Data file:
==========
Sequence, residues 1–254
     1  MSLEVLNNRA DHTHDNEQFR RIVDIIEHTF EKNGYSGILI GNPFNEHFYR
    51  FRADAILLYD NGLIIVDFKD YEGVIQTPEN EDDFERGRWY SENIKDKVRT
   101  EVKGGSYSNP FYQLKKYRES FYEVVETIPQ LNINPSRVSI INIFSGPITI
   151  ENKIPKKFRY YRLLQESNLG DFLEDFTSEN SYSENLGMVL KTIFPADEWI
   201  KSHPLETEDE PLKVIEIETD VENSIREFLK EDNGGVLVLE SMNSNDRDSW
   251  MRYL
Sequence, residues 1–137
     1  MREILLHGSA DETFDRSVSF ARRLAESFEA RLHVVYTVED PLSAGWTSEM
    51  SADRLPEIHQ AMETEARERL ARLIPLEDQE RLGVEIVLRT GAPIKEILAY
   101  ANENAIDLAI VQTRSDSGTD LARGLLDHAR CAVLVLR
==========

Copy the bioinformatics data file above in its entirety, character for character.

Sequence, residues 1–254
     1  MSLEVLNNRA DHTHDNEQFR RIVDIIEHTF EKNGYSGILI GNPFNEHFYR
    51  FRADAILLYD NGLIIVDFKD YEGVIQTPEN EDDFERGRWY SENIKDKVRT
   101  EVKGGSYSNP FYQLKKYRES FYEVVETIPQ LNINPSRVSI INIFSGPITI
   151  ENKIPKKFRY YRLLQESNLG DFLEDFTSEN SYSENLGMVL KTIFPADEWI
   201  KSHPLETEDE PLKVIEIETD VENSIREFLK EDNGGVLVLE SMNSNDRDSW
   251  MRYL
Sequence, residues 1–137
     1  MREILLHGSA DETFDRSVSF ARRLAESFEA RLHVVYTVED PLSAGWTSEM
    51  SADRLPEIHQ AMETEARERL ARLIPLEDQE RLGVEIVLRT GAPIKEILAY
   101  ANENAIDLAI VQTRSDSGTD LARGLLDHAR CAVLVLR